By Nsikan Akpan
Humans can beat COVID-19 because viruses are simplistic. They can’t move anywhere without assistance. Leave them outside in the open air for very long, and many will disintegrate. All they know is how to multiply. The problem, of course, is that the coronavirus is adept at this singular task, and as countries such as the United States have tried to loosen lockdowns and other restrictions, they’ve been jarred by the pandemic’s latest swells.
After months of plateauing at 20,000 to 30,000 new cases per day nationwide, U.S. numbers are rising sharply in 30 states, and overrun medical centers are scrambling to free up beds. In Houston, Texas, where daily cases have surged from 300 to 1,300 in two weeks, health-care workers are moving adult patients to children’s hospitals in a desperate bid to keep up with the surges. Other states are facing similar challenges.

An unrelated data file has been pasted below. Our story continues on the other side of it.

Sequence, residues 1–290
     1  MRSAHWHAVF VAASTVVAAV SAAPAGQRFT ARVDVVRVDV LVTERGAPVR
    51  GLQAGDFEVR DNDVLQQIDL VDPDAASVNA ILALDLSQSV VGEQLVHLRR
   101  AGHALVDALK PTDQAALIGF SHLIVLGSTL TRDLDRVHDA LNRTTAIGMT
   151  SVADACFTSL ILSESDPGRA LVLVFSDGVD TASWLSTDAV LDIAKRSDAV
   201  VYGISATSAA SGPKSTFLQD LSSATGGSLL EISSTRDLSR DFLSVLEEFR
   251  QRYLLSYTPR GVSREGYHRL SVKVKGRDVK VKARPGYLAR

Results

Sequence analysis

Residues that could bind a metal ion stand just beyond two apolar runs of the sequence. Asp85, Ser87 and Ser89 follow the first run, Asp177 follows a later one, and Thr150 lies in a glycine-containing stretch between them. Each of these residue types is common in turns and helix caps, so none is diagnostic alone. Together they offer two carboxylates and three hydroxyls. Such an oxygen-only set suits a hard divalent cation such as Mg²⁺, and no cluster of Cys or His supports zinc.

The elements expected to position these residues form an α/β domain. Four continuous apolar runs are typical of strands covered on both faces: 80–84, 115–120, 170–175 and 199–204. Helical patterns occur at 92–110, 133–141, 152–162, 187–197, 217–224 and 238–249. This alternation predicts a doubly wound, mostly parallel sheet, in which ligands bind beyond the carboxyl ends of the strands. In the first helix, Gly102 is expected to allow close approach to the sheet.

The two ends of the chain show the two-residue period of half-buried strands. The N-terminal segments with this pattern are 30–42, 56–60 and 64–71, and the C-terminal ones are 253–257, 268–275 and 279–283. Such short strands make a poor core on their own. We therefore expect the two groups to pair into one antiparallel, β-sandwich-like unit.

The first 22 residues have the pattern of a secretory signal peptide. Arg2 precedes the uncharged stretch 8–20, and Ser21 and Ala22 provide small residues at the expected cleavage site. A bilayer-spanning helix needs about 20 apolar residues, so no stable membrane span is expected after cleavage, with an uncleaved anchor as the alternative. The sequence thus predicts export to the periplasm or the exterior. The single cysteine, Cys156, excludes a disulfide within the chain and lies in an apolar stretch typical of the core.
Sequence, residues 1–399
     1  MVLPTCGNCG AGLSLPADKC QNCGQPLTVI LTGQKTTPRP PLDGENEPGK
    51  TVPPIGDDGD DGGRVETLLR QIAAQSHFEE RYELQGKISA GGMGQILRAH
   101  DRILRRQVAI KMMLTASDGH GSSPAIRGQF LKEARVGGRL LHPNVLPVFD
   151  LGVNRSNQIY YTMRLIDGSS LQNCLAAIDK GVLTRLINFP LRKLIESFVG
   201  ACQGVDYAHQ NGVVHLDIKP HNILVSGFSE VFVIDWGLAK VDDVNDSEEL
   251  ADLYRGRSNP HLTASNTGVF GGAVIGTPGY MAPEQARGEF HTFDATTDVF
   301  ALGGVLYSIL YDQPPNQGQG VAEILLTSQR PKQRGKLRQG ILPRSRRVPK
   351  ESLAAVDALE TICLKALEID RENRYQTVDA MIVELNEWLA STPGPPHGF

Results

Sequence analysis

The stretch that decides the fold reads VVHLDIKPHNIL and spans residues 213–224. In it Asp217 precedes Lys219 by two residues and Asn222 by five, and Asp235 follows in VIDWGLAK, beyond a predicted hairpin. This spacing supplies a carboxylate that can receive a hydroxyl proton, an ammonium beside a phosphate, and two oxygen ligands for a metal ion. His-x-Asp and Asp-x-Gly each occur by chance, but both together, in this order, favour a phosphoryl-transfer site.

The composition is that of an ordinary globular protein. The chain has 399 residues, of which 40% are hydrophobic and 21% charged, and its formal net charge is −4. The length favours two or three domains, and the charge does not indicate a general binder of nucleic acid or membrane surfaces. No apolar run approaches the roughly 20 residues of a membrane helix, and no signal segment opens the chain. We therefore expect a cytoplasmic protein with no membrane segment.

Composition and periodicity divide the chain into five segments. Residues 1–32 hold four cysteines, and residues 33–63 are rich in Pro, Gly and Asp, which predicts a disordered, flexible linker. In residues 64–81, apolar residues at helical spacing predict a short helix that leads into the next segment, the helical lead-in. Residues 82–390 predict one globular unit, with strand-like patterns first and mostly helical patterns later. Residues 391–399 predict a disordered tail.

“We are quickly reaching that critical level of capacity in ICU beds and ventilators in hospitals in the worst-hit areas,” says Purnima Madhivanan, an infectious disease epidemiologist and associate professor at the University of Arizona in Tucson. “Right now, I think the only thing we can think about is at least starting with harm reduction.” Read more >>